Space and serenity are the ultimate luxuries in today’s chaotic times. When it comes to creating a home that feels like a sanctuary, less can actually feel like so much more – as seen in this Parisian home designed by architect and interior designer Guillaume Alan.
The setting for the apartment is as perfect as it can be for the French capital. Located in a magnificent 19th-century Hausmannian building, the apartment is close to the Trocadéro, with views of the Seine and the Eiffel Tower. The homeowners are keen travellers who wanted a place that felt tranquil and welcoming after their journeying, a home where they could unwind as well as entertain, in spaces that felt familiar yet unexpected.
The dining room’s minimal architecture is balanced with curved furniture pieces including the Tao armchair in ash wood and leather, and round table in corian and ash
Minimalism can often descend into feeling clinical or cold; a quality attributed to its monochromatic nature. But the triumph of Alan’s design here is such that the severely edited colour palette does the exact opposite. With the colour leached out of the space, it lets the light and architecture speak loudly, in soft tones. The result is warm and romantic, suffused with that quintessentially French je ne sais quoi.
The space is done up in a craie tone used throughout the apartment. The coffee table in ash wood and a brushed finish sits in the space where a bespoke paint colour has been used for the walls
For this apartment, the interior designer used a bespoke chalky grey (‘craie’) and applied it to different text ures and materials to create a soft, romantic ambience. “Although this gorgeous apartment isn’t shy of space, by using the same tone across the apartment and the furniture pieces, not only did we create the illusion of more space, but also allowed for more depth, texture and warmth to be added to each room – without the need to commit to a colour,” Alan says.
Born and raised in the world of architecture and design – his father was an architect, mother an interior designer and grandmother an antique dealer – gravitating to his career was natural for Alan. He launched his own studio when he was 22, in Saint-Germain-des-Prés in Paris, and opened another studio in Mayfair, London, in 2011, led by his design partner Emilie Le Corre.
The kitchen has been done in bespoke moulding. There’s a harmony between the architecture and furniture pieces, created by Guillaume Alan using marble and brushed ash wood
Among Alan’s earliest design memories are the ordered magnificence of the Louvre’s square courtyard, the Cour Carrée, and the tranquil simplicity of Mies van der Rohe’s Barcelona Pavilion in Spain. That love of classical purity shines through in his work today, be it architecture, interior design or furniture design.
Like his other projects, the architecture and interior design feels seamless in the Parisian apartment. “We understand the place as a whole; architecture, interior and furniture design are only one for me. When I start a project, I try to create a picture in my mind in which these three elements are totally connected. It’s only later that we get down to detailing each of them. Everything has been thought-out, drawn by the same hand, in line with the finest tradition of French design and décorateurs ensembliers.”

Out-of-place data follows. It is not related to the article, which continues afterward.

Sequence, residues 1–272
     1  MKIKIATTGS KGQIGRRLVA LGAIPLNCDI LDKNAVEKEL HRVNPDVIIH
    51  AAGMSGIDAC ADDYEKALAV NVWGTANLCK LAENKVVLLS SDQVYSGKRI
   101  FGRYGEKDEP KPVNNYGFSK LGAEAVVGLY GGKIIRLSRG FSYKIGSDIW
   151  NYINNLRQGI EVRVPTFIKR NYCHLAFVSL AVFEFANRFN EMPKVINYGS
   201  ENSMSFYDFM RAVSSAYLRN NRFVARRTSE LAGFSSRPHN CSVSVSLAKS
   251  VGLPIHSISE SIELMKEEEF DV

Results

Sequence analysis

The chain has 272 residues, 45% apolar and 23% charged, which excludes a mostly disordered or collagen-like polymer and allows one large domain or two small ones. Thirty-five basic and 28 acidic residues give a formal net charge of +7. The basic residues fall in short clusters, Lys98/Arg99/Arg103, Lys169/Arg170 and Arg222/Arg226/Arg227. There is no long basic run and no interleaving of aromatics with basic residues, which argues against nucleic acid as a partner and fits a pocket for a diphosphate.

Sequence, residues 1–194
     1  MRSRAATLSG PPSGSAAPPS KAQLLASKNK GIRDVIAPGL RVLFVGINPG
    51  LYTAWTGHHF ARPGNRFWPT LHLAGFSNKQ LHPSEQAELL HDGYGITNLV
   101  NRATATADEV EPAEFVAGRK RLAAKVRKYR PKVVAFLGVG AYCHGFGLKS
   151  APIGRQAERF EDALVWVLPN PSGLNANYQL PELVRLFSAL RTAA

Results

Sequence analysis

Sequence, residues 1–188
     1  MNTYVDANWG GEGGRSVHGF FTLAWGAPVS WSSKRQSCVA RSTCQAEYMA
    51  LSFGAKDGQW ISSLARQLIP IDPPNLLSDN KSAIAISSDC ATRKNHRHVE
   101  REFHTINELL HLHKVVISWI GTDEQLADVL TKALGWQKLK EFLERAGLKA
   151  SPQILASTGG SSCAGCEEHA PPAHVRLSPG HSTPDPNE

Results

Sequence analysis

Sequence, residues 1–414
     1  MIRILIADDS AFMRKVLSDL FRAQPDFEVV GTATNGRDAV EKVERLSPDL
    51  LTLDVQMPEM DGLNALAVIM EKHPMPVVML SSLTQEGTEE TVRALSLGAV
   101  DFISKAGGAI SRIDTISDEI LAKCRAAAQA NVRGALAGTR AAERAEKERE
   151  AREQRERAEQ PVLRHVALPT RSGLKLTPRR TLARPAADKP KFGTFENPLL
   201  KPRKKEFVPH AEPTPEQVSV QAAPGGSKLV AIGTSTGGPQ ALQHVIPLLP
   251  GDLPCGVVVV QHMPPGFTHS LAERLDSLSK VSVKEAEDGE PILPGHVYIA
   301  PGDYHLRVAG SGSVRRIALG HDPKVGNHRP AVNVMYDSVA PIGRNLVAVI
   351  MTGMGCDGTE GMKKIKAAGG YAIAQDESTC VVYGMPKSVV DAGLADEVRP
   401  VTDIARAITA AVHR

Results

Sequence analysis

Two large double pivot doors in ash wood sit between the bathroom and master bedroom. A six-metre-long mid-height wall in marble runs from the bedroom to the bathroom
The result is flawless and harmonious, a love letter to the beauty of leaving things out rather than adding them in for the sake of it. “The architecture, the light, the floor, the materials used, the colour palette and all the furniture pieces are all perfectly linked.”Alan’s creative approach is determined by the space. To understand it in all its glory, he is known to gut existing surfaces to get down to the bare bones of the structure. “We break down ceilings, walls and floors when they don’t represent something, or obviously when they don’t have any value for the project. After the mise à nue, the ‘laying bare’, we can see and feel all the potential.”
In the Parisian apartment, the gutting of the interior resulted in the discovery of an incredible and unusually high ceiling in the living room. “This allowed us to create beautiful arches, very pure and minimal, in contrast with the entrance hall, where we drew and created a succession of stone vaults.”
The leitmotif of Alan’s work is the passion for craftsmanship and detail. Obsessed with precision, every element and texture is celebrated. His schemes are tactile and luxurious – using fine woods, such as oak or ash, in brushed finishes, natural marble, brass, natural linen, soft leather, wool, silk and bronze – and always focused on a bespoke palette.
The bathroom is done in natural marble with a tryptique mirror in brushed ash wood
Alan attributes his success to building precious relationships with clients, while working for their homes, and imagining their way of life. “In the Parisian apartment, we had a very lovely relationship with the homeowners from the start of the project until its completion, he says. “It has been a relationship based on trust; they’ve always been very supportive, embracing our elaborate plans. The idea of being able to create and to open the doors of imagination was extraordinary.”